Two Cents on Taking Free Walking Tours

by farrah on June 4, 2017 · 2 comments

My family and I (as well as on my solo trips) take these tours usually every chance we get. We like to take one as soon as possible so as to get the lay of the land so to speak, of the city center we’re visiting. They’re great for the most part- and I’d highly recommend taking one if you find yourself in a city where you’d like to learn more. Additionally- it’s the best way to get insider tips (who has the best food, how to pay less at a cafe, what not to buy, etc) as soon as you arrive.

I’ve had good luck and bad with free tours. The biggest surprise was a tour in Venice (guide Adam) and the most special one was a recent one in the Jewish Quarter of Krakow  that I took by accident. So sometimes you won’t know until you’re on it if it’s going to be a good one or not- sorry to say. Hopefully breaking it down for you (and offering my advice) will help prepare you for the best experience possible.

My Venice tour guide Adam

So what’s the deal with the ‘free’ walking tours?

For starters, they really are free. You register online with your email, and you show up at your assigned meeting spot usually in the center or a well-known location. You’ll go with a guide who provides your tour in your language and it depends on how long the tour will last. Typically they have an umbrella in the center (color based on tour company) and there are several to pick from. You can choose beforehand and register online (my suggestion) or just walk up and join (we’ve done this too but I like to get the reviews first).

How is it free, you ask? Well- these tour operators work on tips. And when I say tips- I mean livable tips. If you don’t have a fee for the tour upfront, realize that this person is working for whatever you decide their worth is to you. I thought it was helpful that my tour guide in Venice broke down the price of an actual tour (he was right I verified) and we could gauge from there. He did a great job, the tour was several hours long, he made sure we ate something and was very knowledgable and passionate about his job. I paid €40 in the end, and the people I was with did the same. Sure there was a broke gap year student there, who paid €5, but hey- it was cool- he paid something and was upfront when he joined.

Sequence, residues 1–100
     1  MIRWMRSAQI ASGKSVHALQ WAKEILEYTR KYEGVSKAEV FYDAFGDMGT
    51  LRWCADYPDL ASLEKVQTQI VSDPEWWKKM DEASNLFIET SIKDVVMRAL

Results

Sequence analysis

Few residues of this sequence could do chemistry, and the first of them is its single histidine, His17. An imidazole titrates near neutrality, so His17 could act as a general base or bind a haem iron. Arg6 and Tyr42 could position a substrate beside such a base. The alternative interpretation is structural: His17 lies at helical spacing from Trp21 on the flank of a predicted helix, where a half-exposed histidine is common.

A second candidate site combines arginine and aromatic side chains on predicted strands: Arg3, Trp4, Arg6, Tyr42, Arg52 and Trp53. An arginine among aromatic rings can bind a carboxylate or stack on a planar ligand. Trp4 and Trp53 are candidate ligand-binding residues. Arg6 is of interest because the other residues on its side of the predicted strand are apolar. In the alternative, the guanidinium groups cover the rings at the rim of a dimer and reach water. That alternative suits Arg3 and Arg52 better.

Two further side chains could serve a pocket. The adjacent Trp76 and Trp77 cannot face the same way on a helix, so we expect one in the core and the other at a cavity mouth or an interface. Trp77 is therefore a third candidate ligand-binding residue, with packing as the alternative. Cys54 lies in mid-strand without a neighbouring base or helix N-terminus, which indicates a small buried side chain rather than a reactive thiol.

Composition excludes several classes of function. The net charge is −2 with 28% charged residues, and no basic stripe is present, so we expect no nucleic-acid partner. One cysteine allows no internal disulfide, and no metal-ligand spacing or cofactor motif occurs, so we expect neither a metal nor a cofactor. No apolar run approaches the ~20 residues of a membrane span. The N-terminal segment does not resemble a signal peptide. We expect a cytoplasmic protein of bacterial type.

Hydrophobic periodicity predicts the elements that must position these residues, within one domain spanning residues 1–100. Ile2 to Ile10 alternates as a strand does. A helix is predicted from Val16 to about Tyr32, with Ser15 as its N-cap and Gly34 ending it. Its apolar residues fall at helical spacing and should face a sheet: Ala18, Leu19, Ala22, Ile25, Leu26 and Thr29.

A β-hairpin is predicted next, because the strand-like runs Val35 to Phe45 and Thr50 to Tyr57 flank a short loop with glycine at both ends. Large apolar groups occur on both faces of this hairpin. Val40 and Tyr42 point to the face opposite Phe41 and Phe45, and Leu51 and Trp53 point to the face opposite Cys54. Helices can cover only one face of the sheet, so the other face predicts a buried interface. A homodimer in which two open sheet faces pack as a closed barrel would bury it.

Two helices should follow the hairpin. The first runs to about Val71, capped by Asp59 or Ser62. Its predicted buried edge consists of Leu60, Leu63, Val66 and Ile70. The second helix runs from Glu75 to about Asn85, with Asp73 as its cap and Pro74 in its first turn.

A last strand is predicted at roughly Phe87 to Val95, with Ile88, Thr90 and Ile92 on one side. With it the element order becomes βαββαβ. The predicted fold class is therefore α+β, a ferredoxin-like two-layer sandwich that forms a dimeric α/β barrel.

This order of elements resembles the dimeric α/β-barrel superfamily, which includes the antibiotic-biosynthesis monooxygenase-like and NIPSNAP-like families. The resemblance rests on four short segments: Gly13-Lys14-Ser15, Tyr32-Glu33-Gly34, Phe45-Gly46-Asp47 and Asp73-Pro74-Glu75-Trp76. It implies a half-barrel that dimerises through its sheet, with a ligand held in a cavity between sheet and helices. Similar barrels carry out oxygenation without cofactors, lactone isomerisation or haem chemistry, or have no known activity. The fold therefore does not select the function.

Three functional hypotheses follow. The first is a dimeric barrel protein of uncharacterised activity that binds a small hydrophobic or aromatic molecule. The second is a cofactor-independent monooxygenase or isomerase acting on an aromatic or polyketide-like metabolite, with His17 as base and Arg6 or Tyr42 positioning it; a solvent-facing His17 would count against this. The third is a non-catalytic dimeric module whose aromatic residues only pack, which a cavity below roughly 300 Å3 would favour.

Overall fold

I’ve learned that in some cities these free walking tours are despised by the tourist board, and have been known to harass the guides while giving them. Personally, I have never had an experience where someone has yelled at us or whatever, but your guide will tell you all about it and how they are not always the most popular people with the city. Don’t worry though- your guide will take care of any issues.

Aren’t all the big, paid for tours good?

Well, it’s a crapshoot. I was utterly disappointed with my paid tour in Venice on the gondola. I didn’t feel that the description was entirely accurate- and was herded along with a million other people crammed onto a gondola. The reviews were extremely positive on the site- so I was confused if they had taken the same tour that I did. On the other hand I’ve had an awesome tour experience in Normandy with the same company- but for a non-sponsored person that tour would have been easily over €200.

Tips for a free walking tour:

  • Bring cash
  • Ask if there’s a break or a snack.
  • Bring water.
  • Check out the Facebook and or Trip Advisor reviews.
  • Dress accordingly to temperature and local customs.
  • Wear shoes for walking.
  • Is it a good tour with kids?
  • How long does it last?
  • Where do we meet and end?
  • When you get the email asking how it went, give an honest review. It helps other people when looking for a tour.

Common sense:

  • Don’t be ‘that person’ on the tour and monopolize the time of the guide with incessant questions or conversation. This just happened on my last tour but the guide was quite skilled at shutting her down. If you’d like a private tour to ask your questions get one of those instead. Twenty-odd people have questions too.
  • Don’t hold up the group by taking a billion photos. Do that on your own exploration of the city!
  • If you join the tour mid-way or any other point, it would be courteous if you could also tip the guide SOMETHING. I was horrified that a couple joined our Krakow tour about half way because they saw us standing there, asked to join, and then waved and said ‘Thanks, bye’ at the end.

I’ve taken free tours all over Europe and the majority of them have been great. It’s an easy way to get some background info on the city you’re visiting right from the start.

{ 2 comments… read them below or add one }

1 Kristin June 5, 2017 at 12:58 pm

This is so helpful! I’ve never taken one of these “free” tours, and unless someone told me, I’m not sure I’d know what or even if to tip. My assumption with these is that the businesses and restaurants subsidize the tour to make it free. I cannot WAIT to take the kids traveling to Europe and Central America!

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2 farrah June 7, 2017 at 9:08 am

You know, I’m not sure how it all works because I was really confused when guides have told me that they tend to get harassed by the city. Why? I’m not sure. I met a guy on my last tour who also takes them wherever he goes and he loves them. It’s a nice opportunity too to meet fellow travelers and hear where they’ve been.

I think you and your family would love them and I want to hear where you’re going!!!!

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